Rabbi Irwin Wiener, D.D.
Sitting with a group of people of advanced age, the subject inevitably reverts to what was, with little thought to what is. Traveling the length and breadth of this wonderful Valley, I have taught and learned many things. Among them is the most important of all – “Relevance.”
Some of us think about what could have been and get stuck in the mire of things we cannot do anything about. We cannot change the past, and in some instances have no control over the future. The great statesman Disraeli wrote that man is not the creature of circumstances. Circumstances are the creatures of men.
So here are some, in the twilight of their years, still worried about what might have been or whether it could have been done better given the chance again. Actually, our concentration should be about legacy. More important, however, should be the importance of our being – our relevancy.
How many times have we participated in conversations only to discover that the subject being discussed excludes us from contributing because we are not even asked for our input? It is as though we do not even exist, an invisible being sitting in a room filled with emptiness.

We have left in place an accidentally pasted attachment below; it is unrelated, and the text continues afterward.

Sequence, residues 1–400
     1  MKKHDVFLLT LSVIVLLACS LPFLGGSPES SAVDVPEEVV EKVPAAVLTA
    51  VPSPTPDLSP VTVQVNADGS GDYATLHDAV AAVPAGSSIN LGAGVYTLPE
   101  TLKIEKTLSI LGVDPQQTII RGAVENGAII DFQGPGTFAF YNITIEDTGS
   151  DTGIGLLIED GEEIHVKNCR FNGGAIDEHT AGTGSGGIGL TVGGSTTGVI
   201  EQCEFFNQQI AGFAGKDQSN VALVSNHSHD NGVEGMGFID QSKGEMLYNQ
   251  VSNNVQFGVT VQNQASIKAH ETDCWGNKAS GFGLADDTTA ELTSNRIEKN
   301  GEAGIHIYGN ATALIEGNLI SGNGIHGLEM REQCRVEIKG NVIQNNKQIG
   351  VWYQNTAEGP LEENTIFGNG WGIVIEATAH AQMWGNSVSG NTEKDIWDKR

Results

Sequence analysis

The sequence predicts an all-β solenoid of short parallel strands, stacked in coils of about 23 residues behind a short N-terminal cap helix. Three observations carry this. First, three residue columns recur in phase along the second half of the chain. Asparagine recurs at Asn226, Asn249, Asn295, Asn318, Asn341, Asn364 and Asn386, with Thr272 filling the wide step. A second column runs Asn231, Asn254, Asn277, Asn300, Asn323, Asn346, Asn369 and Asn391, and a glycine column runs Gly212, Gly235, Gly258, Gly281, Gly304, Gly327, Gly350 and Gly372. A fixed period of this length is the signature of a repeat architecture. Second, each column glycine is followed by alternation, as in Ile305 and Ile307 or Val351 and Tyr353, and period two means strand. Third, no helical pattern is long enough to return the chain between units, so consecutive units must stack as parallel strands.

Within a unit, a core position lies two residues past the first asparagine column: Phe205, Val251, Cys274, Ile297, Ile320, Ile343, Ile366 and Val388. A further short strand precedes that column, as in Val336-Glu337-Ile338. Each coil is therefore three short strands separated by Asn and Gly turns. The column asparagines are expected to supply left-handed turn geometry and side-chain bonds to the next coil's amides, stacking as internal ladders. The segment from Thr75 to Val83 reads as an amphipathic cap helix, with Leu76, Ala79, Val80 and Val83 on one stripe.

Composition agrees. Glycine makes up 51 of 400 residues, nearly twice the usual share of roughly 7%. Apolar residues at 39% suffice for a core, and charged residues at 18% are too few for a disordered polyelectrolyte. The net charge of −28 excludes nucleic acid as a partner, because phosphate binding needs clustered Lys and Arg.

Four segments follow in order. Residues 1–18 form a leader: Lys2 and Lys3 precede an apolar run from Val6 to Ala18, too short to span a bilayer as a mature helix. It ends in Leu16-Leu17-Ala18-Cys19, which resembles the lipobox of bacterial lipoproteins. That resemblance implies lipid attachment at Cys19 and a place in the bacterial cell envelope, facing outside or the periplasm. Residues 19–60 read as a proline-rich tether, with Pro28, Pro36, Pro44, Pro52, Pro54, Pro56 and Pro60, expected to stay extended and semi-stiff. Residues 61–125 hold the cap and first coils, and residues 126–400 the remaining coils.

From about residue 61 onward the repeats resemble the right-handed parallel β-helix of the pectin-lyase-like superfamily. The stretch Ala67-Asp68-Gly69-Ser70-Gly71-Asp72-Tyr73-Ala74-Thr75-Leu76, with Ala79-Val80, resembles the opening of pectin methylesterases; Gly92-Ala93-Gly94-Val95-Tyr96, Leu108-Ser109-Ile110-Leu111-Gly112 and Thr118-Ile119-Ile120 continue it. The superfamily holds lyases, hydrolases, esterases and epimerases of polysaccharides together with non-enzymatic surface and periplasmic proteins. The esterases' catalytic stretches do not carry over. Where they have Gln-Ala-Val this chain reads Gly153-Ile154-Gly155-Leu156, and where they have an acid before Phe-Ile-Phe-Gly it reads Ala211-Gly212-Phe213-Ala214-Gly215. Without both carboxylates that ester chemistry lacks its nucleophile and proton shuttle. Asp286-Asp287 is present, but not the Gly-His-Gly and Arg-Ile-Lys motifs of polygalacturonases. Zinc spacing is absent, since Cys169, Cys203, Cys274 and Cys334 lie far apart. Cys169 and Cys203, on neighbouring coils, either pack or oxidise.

We leave the room, not being missed. The impact we may have had in the past does not seem to matter. We do not seem to matter. Some of us gravitate to others experiencing the same irrelevance. Some of us escape to an inner world free from criticism or disdain. Perhaps we should be thinking about the influence we had that still has meaning for some. Perhaps we should understand that our experiences could give more meaning to those just starting their journey.
A story is told of an elderly man kneeling in his backyard planting a tree.
A neighbor asked him why he was planting the tree, because it will not be possible for him to see it grow into full maturity. His reply was simple and eloquent. He remarked that the generations that preceded him had planted trees that now give him shade, fruit and enjoyment. It was now his responsibility to plant for the next generation, as did the generations past.
Our legacy is everlasting, but more than that, relevant as a lesson for the future. All of us have purpose. Purpose does not fade with time. Purpose lasts until the very last breath, and even beyond. Sometimes we concentrate more on the end and not enough on today. Some are concerned about after-life, and not enough about living today.
Relevance means to get into the middle of everyday living, contribute to the message of life, its meaning and, yes, its relevance. Then, perhaps, each day will have fulfillment, each new season rewards and each connection bring meaning to our lives.